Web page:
A slightly panicky friend cashed in an equity individual savings account (ISA) last week. His brother, on the other hand, invested roughly £2,000 in one.
Their motives mirrored each other – to make what they thought was the best use of their cash – and were prompted by the same event, the seesawing stock markets.
So who was right?
The answer is that it's the wrong question to ask.
Knowing when to buy and sell, and what kind of funds or shares to get involved with, is the biggest conundrum facing City analysts, fund managers, stock brokers and researchers every working day. But for most ordinary investors, the most important question is: "Why you are in the stock markets in the first place?"
It's hardly a secret that different reasons for investing in the stock markets require different attitudes and mindsets, yet too many people stick money in an equity ISA or buy a job lot of shares without really knowing what they want to achieve by doing so.
Often, their family or friends have suggested it as a way to simply use up spare income. Or an advert – usually depicting some sort of glossy dream image of making mega-profits – in a magazine or newspaper has caught their eye and sparked a decision to take a punt on the latest fad fund: commercial property funds, emerging markets or China, say.
I've walked into this trap myself.
In early 2000 – well before I developed a proper and professional interest in my personal finances, I hasten to add – a good friend kept eulogising his latest ISA fund and how he'd made nearly £1,000 profit over the past eight months or so.
Sucked in by his enthusiasm, and keen not to miss out on the financial party that he was so clearly enjoying, and despite my large debts that I should have paid down, I invested in a similar fund that looked pretty whizzy and sat back to watch the returns roll in.
You'll have guessed that I didn't see any for years – three and a half, I think – as the FTSE 100 began its long downward march after the dotcom bubble burst and 11 September 2001 put paid to plenty of market confidence.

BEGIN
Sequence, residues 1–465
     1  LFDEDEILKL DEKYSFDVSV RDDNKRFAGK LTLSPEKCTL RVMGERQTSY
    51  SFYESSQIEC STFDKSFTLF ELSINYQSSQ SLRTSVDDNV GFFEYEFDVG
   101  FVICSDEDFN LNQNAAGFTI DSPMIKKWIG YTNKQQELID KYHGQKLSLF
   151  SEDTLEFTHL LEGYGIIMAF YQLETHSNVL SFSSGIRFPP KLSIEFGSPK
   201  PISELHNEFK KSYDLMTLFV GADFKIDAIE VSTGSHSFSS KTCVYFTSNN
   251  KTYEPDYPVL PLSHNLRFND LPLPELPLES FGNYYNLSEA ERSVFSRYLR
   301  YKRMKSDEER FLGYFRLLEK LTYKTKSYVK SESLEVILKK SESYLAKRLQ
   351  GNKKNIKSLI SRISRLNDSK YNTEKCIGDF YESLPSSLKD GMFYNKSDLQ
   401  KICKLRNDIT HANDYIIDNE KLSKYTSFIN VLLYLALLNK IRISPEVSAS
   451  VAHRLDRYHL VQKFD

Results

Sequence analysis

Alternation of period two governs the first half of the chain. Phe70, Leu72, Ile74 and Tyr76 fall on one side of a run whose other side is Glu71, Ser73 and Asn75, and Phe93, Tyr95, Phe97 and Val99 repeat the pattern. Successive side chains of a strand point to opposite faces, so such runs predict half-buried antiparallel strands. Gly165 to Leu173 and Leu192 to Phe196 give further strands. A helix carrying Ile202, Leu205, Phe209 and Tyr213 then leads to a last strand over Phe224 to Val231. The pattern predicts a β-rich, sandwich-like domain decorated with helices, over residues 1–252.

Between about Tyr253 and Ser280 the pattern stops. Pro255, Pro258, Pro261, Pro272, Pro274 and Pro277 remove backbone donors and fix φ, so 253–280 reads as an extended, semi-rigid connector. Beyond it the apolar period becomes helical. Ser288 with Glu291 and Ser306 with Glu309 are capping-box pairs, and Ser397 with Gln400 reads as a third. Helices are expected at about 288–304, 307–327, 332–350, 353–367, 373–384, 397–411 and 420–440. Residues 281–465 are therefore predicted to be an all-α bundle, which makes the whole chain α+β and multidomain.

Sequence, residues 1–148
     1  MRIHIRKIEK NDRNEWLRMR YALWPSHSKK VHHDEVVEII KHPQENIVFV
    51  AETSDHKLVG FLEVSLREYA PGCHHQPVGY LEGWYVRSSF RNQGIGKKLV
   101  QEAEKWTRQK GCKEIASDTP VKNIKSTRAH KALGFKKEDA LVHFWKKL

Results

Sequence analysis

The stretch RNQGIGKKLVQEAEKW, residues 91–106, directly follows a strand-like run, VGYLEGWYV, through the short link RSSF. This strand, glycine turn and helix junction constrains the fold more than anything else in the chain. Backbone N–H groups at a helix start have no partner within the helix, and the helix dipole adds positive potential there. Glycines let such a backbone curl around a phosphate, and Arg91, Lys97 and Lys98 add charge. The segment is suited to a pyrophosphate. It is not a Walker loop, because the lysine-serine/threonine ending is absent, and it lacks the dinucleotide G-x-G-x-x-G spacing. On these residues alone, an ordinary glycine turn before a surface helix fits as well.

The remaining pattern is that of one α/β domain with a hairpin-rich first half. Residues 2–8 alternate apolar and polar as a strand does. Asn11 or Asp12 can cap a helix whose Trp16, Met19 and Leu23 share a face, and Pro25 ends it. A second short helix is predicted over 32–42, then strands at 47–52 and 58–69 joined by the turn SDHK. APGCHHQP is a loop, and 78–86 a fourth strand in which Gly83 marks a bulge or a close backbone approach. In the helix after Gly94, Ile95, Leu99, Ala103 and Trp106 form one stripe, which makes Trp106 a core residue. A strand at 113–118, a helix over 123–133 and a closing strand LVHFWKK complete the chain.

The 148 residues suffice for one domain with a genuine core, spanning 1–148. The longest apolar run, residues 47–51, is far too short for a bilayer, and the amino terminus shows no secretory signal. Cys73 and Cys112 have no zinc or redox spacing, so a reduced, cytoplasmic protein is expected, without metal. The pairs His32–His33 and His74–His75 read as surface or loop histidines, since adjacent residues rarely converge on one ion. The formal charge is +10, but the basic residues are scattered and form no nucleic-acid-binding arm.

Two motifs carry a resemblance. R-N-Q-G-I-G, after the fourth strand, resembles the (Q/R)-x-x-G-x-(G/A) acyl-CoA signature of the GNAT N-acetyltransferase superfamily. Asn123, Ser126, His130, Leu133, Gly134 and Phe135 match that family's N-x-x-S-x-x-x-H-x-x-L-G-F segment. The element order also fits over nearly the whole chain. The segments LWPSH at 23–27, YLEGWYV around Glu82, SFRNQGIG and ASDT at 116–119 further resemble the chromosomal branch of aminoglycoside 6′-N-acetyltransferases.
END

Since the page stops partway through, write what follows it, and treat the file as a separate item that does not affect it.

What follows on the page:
Only after the Iraq war, in March 2003, did the FTSE 100 begin to climb back, and only then did I begin to get any kind of performance in the fund.
Hundreds of thousands did the same, and many won't forget how the seemingly unassailable stock market rises suddenly crumbled and left their investments looking rather threadbare.
What I should have done was stop and think about why I was investing – pure greed – and what I wanted out of the deal – instant riches – and, hopefully, I'd have realised my folly and thought again.
In theory, a trip to an independent financial adviser might have put the brakes on. But the prevailing attitude at the time – "fill your boots before somebody else does" – would probably have seen a recommendation for some sort of lower-risk fund, and, anyway, the adviser would have been eager to pick up my commission.
The upshot, to quote an adage beloved of the wiser financial advisers, is that it's "time in the market, not timing" that is more important.
An equity ISA is a long-term commitment of at least five to 10 years in order to ride out storms like those that engulfed the markets last week. They're designed to bolster a pension; build up long-term savings; generate funds for a child's university costs; act as a pot of emergency rainy-day money.
Anybody keen to play the stock market should opt for shares or even more esoteric vehicles such as contracts for difference that allow you to try and make money on share-price movements without buying the equity itself.
However, that's not to say that you should pick an equity ISA fund for your long-term goal and leave it to tick over. Monitor its fortunes compared to those of rivals (on websites such as www.trustnet.com) and be prepared to switch into different funds if it persistently underperforms its benchmark.
Practicality, not panic, is a better watchword.Reuse content